Proc. roy. Soc. Med. Volume 69 August 1976
Polyarteritis Nodosa with Peripheral Gangrene and Myocardial Infarction L K Holland MB (for M F Grayson MB MRCP) (North Middlesex Hospital, London N18) J J, woman aged 46 History: 1971: Presented with arthralgia, a photosensitive butterfly rash over the malar region, Raynaud's phenomenon and purpura on the.toes. She had a mild normochromic anmmia, a high ESR (85 mm in 1 hour, Westergren) and a strongly positive sheep cell agglutination titre (SCAT). Although no antinuclear antibodies were detected, a clinical diagnosis of systemic lupus erythematosis (SLE) was made before she was lost to follow up. 1975: Admitted to hospital, after being well for two years, with flitting arthritis, associated with crops of a pink, papular rash on all limbs (Fig 1) which became purpuric within a few hours. Investigations were similar to those of 1971, no antinuclear antibodies were detectable, but SCAT was negative. In addition, C3 complement levels were low and IgM levels were raised on two occasions. There was no evidence of renal disease (urine microscopy, blood urea and creatinine clearance were normal) and biopsy of a skin papule revealed inflammatory changes around capillaries consistent with allergic vasculitis. At this point precise diagnosis was difficult. However within a space of four weeks shedeveloped a transient right trochlear nerve palsy, incipient, and later frank gangrene of three left toes (Fig 2), and a silent anterior myocardial infarction followed by severe left ventricular failure. A clinical diagnosis of polyarteritis nodosa was made and treatment started with 80 mg prednisone daily. Azothiaprine was given but was withdrawn because of severe neutropenia. During recent months she has been taking 17.5 mg prednisone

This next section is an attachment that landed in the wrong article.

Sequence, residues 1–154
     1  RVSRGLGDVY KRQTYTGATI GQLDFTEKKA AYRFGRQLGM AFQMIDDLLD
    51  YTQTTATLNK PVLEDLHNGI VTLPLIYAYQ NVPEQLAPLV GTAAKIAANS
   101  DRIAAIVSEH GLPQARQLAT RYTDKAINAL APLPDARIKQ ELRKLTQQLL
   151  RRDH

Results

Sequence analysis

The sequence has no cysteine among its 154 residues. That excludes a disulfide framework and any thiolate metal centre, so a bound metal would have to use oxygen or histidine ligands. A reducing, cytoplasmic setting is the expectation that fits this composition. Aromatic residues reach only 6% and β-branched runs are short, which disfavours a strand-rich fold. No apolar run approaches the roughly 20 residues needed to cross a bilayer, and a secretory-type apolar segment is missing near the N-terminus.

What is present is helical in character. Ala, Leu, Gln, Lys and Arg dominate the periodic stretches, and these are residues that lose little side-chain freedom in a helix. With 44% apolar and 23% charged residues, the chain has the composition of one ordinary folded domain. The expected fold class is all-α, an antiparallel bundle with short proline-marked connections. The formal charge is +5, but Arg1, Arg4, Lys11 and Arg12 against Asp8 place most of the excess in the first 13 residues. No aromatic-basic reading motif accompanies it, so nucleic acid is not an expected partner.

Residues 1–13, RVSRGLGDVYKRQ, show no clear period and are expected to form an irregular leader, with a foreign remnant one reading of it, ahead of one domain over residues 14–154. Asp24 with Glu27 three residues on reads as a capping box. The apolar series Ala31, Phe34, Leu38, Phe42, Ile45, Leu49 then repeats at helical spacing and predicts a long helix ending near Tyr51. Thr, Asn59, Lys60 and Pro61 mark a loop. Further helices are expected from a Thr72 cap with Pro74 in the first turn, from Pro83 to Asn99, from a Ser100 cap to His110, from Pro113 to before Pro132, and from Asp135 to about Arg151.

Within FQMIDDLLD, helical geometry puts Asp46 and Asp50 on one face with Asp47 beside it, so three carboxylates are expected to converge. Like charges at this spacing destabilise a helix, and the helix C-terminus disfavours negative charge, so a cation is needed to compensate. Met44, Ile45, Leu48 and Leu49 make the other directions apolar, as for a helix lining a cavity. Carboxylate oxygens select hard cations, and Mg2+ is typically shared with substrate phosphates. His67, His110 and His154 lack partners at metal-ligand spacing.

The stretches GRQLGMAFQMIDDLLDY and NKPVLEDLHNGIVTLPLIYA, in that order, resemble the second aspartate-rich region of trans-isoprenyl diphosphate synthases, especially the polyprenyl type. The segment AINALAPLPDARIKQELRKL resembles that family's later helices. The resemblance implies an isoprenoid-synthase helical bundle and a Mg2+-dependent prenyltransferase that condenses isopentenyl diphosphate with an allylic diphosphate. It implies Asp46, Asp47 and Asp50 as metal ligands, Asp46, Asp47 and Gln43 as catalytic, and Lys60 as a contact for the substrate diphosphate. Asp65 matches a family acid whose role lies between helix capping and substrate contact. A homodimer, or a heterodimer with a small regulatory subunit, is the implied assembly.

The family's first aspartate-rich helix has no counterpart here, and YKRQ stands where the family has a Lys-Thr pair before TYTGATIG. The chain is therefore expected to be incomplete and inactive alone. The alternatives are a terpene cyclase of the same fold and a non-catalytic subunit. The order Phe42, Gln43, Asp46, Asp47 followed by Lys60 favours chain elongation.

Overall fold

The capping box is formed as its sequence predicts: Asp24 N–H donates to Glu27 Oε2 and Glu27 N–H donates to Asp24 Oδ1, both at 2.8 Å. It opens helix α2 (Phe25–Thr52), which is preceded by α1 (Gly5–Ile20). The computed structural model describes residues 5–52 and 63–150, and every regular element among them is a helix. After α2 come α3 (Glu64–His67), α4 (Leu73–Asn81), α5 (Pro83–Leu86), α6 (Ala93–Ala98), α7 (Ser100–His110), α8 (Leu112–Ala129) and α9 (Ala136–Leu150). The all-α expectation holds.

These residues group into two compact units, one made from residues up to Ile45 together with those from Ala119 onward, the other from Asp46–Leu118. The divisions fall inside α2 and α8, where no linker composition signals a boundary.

Fig 1 Left thigh showing allergic vasculitic rash
34 and has a normal ESR (12 mm) and normal renal function. She did, however, have an extension to her myocardial infarct shown on electrocardiography and her heart failure is controlled with digoxin and diuretic therapy. Discussion The case underlined very well the difficulties in coming to a firm diagnosis. within the spectrum of connective tissue disease. The initial presentation was almost a classical clinical picture of SLE but this diagnosis was untenable in the absence of antinuclear or antiDNA antibodies. When she presented the second time with a cutaneous vasculitis and arthritis and no specific serological changes, precise diagnosis was impossible. The appearance of gangrene, mononeuritis and silent myocardial infarction, however, was felt to be good evidence for polyarteritis nodosa although no specific biopsy evidence was available. The skin biopsy report of allergic vasculitis was not decisive as this is the commonest vasculitis to affect the skin and can be seen in a number of conditions such as Henoch-Schdnlein purpura and SLE as well as polyarteritis. When Borrie (1972) reviewed 17 cases of polyarteritis nodosa with skin lesions he found 4 with allergic vasculitis. These cases had the same downhill course as the majority of patients with polyarteritis, but the others with frank polyarteritis of the skin had a benign course with involvement of only skin, muscle and nerve. Various etiological possibilities have been suggested for polyarteritis and include hypersensitivity reactions to drugs such as thiouracils and sulphonamides, and to organisms. Pay (1975) described a case of allergic vasculitis and peripheral gangrene where culture of throat swab grew a hxemolytic streptococcus. Gocke et al. (1-970) described an association between polyarteritis nodosa and Australia